Cardiac RN Brings Life Saving Resources to Local Grocery Stores
When a person collapsed in the parking lot of King Soopers, a local grocery store, Kelly Royster, Chest Pain Coordinator, at Lutheran Medical Center, sprang into action.
“I was shopping for my daughter’s birthday, when they began paging overhead asking for assistance,” Royster recalled. “When they asked for someone who knew CPR, I raced to the front of the store, leaving my full grocery cart in the aisle.” Adrenaline pumping, Royster followed shouts and points to find an individual in cardiac arrest in the parking lot.
In the heat of August and squeezed tightly between the parked cars, she and two other healthcare workers began performing CPR. In between rhythmic compressions, the team asked the gathering crowd to locate an Automated External Defibrillator (AED). After an unsuccessful search within the grocery store, one was located in a nearby hardware store and applied.
Guided by the AED, CPR continued for 15 minutes until EMS arrived. Once EMS drove off with the patient, Royster allowed the gravity of the event to sink in. “I’ve provided first aid outside of the clinical setting before, but never CPR,” Royster said. “My knees were bloody and my back was very sore, but I still needed to get my party supplies. So I went back in to find my cart and finish grocery shopping.”
It was then that she was presented with an opportunity. “A few people came up to me and said, ‘Hey, if I knew CPR, I would have helped,’ and I realized I could extend my expertise to help the staff learn CPR and how to use AEDs.”
Partnering With the Community to Save Lives
Royster, who is a certified CPR instructor and a spokesperson for the American Heart Association, decided to partner with Arvada Fire and EMS Chief Vic Stehl to bring education to the King Soopers staff. Through the collective efforts of the local fire department and Royster, more than 25 King Soopers employees have already been taught to do hands-only CPR and how to use an AED.
Knowing that a fast response and timely delivery of CPR can increase chances of survival by 30%, Royster also started exploring ways to get AEDs for the grocery stores. In partnership our Community Benefit team, Royster and SCL Health have ordered eight AEDs to donate to surrounding King Soopers stores. Royster and Arvada Fire will also continue providing CPR and AED training to the grocery store personnel.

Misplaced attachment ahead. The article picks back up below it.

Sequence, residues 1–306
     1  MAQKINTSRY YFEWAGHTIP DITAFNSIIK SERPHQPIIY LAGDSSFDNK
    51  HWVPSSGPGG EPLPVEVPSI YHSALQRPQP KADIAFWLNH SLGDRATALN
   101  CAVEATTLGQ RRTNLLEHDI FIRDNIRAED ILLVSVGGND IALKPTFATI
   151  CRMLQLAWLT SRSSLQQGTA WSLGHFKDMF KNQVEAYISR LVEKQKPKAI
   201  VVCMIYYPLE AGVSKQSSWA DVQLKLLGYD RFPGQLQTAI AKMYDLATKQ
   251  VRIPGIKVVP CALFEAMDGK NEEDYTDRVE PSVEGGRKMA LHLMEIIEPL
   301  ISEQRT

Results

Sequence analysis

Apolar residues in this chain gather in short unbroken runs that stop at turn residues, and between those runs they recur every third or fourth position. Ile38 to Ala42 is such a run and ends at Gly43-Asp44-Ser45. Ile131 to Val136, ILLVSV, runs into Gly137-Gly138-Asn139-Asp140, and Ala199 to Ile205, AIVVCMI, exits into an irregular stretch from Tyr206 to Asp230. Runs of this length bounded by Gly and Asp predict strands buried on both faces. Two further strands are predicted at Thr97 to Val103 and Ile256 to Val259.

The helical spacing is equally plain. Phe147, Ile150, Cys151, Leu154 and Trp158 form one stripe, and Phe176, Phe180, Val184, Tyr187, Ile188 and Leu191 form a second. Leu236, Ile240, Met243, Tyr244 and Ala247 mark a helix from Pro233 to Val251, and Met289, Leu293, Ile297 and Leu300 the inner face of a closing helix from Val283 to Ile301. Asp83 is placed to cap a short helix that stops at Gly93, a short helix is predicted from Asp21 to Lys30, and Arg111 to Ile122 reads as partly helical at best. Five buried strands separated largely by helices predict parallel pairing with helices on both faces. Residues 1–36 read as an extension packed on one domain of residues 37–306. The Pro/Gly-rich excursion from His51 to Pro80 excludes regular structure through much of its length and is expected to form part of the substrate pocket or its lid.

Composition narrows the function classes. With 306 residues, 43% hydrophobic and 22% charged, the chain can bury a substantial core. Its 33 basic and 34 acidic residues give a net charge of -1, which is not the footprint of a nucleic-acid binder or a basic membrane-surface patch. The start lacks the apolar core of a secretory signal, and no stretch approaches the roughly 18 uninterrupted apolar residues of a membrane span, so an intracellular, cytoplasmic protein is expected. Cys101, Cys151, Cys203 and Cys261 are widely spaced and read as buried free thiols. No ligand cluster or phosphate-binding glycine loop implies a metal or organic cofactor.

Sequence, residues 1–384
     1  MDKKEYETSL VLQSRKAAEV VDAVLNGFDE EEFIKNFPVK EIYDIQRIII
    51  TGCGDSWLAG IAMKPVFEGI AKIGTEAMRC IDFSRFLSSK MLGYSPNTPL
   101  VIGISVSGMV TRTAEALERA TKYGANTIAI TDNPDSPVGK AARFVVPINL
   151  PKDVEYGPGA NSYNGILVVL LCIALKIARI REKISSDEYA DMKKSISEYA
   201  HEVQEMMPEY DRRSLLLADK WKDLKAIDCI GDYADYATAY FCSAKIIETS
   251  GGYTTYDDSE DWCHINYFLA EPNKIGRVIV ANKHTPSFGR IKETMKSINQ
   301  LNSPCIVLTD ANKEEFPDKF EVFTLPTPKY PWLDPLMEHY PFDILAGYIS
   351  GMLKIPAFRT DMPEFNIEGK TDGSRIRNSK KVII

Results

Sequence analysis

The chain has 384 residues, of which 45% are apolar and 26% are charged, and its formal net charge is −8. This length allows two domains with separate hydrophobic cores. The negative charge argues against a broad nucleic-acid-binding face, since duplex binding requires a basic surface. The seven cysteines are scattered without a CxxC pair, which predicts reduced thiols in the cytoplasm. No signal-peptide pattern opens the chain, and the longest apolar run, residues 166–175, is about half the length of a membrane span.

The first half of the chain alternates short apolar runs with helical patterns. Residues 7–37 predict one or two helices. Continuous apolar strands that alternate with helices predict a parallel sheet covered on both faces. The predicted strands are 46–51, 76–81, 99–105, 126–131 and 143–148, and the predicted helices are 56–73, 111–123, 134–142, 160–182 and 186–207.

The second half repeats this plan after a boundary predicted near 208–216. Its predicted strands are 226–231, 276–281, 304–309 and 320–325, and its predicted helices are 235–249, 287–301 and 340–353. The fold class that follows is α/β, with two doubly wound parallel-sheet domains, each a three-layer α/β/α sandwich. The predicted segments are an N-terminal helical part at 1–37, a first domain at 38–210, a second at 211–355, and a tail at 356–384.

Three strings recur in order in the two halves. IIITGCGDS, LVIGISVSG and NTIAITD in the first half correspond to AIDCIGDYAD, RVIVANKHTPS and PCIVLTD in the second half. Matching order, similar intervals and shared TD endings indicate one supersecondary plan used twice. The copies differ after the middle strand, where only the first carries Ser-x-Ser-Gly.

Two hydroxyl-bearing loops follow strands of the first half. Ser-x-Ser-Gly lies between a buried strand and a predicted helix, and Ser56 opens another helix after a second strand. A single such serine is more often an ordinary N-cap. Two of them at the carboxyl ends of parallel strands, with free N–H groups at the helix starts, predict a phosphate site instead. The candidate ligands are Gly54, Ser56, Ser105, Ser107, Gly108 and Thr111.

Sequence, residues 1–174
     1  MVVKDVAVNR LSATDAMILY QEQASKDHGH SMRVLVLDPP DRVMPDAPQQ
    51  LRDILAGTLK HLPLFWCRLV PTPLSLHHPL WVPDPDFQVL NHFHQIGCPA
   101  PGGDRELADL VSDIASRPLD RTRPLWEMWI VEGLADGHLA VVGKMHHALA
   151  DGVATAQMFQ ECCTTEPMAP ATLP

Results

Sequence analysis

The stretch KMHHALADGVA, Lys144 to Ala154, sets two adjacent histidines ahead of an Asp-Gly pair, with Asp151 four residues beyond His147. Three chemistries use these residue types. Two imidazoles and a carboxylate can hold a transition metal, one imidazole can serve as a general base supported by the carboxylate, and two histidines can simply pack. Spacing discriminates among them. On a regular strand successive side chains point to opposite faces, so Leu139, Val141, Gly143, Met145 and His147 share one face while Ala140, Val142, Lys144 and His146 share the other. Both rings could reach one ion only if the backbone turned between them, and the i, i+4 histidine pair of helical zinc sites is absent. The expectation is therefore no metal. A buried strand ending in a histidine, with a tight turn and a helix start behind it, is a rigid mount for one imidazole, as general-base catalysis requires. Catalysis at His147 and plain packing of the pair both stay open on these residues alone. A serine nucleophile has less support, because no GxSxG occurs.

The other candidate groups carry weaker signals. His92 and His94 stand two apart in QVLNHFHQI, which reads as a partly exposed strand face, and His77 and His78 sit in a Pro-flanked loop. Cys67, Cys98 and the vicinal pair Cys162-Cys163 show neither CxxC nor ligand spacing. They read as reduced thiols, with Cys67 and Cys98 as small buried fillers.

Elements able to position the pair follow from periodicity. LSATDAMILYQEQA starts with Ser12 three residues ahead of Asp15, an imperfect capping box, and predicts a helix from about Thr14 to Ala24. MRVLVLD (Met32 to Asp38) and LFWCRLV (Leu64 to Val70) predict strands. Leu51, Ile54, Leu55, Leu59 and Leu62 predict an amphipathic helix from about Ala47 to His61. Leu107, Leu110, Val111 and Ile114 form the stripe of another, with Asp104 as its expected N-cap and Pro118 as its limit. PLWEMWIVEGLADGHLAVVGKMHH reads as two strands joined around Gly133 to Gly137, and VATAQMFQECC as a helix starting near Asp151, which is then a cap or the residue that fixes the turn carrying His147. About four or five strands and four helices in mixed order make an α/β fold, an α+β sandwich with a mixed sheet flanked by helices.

“Kelly's experience illustrates how communities identify needs,” said Chuck Ault, Regional Director, Community Health Improvement. “Without this happening, we would have never known that King Soopers lacked AEDs. Community Benefit at LMC had an opportunity to respond and fill this gap with a critical piece of equipment and the training needed for it to save lives in the future."
“I think it really hit home because it was MY King Soopers; it is where I shop,” Royster reflected. “This could have been my family, my neighbor.”
And just a few years ago, it very well could have been Royster.
A Significant Cardiac History Evolves Into Purpose and Passion
“I was born with a bicuspid aortic valve -- a congenital heart defect, and I have lived with it without incident for almost my whole life,” Royster shared. Asymptomatic and athletic, she and her best friend were well into training for an upcoming marathon almost exactly seven years ago.
Royster noticed that her friend, Mary, a strong runner, was looking particularly tired one day. Her friend brushed it off as general parenting stress and a lack of a good night's sleep. That night, she went into cardiac arrest and died. “Her son found her, and he did the right thing and got the neighbor, but the neighbor was too afraid to intervene or even touch Mary,” Royster said, reiterating how important CPR education is.
“After that, I was bound and determined to run the marathon in Mary’s honor,” she said. “My husband and my mother both implored me to get my own heart checked out - just to be extra sure.” About two weeks out from the race, Royster visited her cardiologist and kept on training while she awaited her echocardiogram results. “About a week later they called me and scheduled me for open heart surgery,” she said.
Royster’s heart valve was so calcified that doctors assured her that she never would have crossed the finish line.
Now, equipped with a mechanical heart valve and an unquenchable passion for cardiac nursing, Royster feels she is doing exactly what she needs to be doing. “This is where my heart is,” she said. “I’ve experienced a lot of cardiac events, and I know we can prevent a lot of them.”
“I believe God has me here for a reason, and if I can make a change or tell a story that inspires someone to listen to their body, take the time to get a symptom checked out, or learn how to help someone in distress, then I’m going to do it.”